Tuesday, April 24, 2012
Yale Daily News, Law School Battles Gender Imbalance:
Men are 16% more likely to speak in class than women in Yale Law School courses, according findings in a study released by a Law School student group last week.
The group, Yale Law Women, replicated a study of gender dynamics it conducted at the school in 2002. The 93-page study — which included interviews with 54 of 83 non-visiting faculty members, observations of student participation in 113 sessions of 21 Law School courses and a survey of 62 percent of the student body — found that women are 1.5% more likely to speak up in class now than they were 10 years ago, among several other observations. The majority of students and faculty interviewed by the News said gender imbalances are an endemic problem in the legal profession and are not unique to the Law School, though many were disappointed by the lack of substantial improvement over the decade.
“What we found is that participation by women in the classroom has improved, but the rate is very slow,” said Fran Faircloth LAW ’12, a Yale Law Women co-chair for the study. “If we continue at the same rate, the gender gap won’t close until 2083.”
The report, titled Yale Law School Faculty and Students Speak Up about Gender: Ten Years Later, assesses students’ interactions with faculty both in and out of the classroom, and compiled recommendations on how to minimize gender differences in the Law School community based on survey and interview responses. Recommendations to faculty include practicing more “conscientious classroom management” — for example, waiting for five seconds rather than calling on the first student to raise his or her hand — while recommendations to students include being more proactive in interacting with professors.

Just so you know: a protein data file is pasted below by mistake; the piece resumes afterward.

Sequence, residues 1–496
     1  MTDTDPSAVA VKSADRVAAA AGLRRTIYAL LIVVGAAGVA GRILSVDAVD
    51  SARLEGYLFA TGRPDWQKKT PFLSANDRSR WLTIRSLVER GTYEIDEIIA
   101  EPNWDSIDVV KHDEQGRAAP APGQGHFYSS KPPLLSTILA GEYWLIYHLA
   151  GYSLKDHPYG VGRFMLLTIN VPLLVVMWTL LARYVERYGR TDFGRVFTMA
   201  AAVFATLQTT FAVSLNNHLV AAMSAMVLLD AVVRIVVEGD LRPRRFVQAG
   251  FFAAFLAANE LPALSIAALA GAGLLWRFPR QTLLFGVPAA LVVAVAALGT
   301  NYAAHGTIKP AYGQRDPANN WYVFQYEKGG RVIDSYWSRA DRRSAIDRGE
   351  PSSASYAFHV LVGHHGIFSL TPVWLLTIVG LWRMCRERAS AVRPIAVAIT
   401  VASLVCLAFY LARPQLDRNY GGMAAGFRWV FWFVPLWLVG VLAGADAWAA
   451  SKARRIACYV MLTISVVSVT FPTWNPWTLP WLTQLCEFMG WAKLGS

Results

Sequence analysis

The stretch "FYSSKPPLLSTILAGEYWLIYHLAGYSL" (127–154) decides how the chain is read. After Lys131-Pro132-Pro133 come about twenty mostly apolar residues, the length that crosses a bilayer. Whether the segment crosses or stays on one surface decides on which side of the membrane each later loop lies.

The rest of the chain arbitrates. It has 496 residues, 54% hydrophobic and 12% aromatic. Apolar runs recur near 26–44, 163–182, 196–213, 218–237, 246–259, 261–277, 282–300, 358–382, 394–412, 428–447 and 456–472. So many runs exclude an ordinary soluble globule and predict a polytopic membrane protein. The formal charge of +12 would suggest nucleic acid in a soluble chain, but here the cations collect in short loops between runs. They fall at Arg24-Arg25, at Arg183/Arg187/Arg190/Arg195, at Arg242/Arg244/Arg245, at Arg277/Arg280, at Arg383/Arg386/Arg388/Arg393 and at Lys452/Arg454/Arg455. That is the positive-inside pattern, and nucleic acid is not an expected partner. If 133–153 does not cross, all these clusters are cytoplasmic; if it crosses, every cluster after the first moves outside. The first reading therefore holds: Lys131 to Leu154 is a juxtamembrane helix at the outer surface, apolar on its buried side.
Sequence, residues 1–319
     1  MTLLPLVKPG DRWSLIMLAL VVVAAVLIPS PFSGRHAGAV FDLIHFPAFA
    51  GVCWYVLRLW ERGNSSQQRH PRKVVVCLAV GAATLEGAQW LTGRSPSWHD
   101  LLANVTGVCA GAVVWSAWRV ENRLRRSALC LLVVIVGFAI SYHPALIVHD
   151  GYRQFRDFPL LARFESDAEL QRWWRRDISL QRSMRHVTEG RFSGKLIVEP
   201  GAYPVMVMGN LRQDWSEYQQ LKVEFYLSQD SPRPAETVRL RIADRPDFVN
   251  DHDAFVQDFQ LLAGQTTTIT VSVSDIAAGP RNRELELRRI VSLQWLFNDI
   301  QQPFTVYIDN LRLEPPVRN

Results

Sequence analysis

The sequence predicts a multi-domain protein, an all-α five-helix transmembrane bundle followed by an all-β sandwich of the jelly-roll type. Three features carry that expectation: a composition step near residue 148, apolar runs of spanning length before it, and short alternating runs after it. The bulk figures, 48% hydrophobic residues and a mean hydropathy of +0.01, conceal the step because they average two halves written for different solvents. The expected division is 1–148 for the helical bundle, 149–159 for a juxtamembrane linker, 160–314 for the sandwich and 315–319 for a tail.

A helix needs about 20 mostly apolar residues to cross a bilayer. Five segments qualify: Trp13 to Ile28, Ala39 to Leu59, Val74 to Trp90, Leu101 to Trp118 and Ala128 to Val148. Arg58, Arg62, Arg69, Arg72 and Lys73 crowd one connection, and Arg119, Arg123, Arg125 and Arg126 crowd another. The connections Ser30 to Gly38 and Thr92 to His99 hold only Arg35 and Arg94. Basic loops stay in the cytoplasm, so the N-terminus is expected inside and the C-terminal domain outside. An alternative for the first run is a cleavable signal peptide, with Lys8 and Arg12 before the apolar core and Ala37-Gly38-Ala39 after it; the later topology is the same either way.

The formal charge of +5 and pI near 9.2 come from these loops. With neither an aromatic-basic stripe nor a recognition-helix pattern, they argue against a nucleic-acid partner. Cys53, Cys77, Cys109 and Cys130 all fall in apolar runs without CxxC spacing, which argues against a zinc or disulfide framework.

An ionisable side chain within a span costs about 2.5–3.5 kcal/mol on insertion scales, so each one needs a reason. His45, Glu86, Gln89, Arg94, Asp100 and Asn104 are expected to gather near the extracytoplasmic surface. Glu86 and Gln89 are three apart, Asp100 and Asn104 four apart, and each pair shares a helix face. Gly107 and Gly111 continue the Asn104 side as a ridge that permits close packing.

Law School professor Lea Brilmayer, who has taught at Yale “off and on” for 30 years after becoming one of the first female professors at the Law School, said she found the study depressing because it contradicted her feeling that gender dynamics at the school have improved in recent years. Brilmayer pointed to several institutional changes she said contribute to her attitude, including the greater prevalence of women on the faculty, all of whom she described as “first-rate intellectual heavyweights.” For the 2011-’12 academic year, 22 out of 104 Yale Law School professors were women, according to the survey.
- Wall Street Journal Law Blog, Yale Law Study Finds Gender Imbalance in Student Participation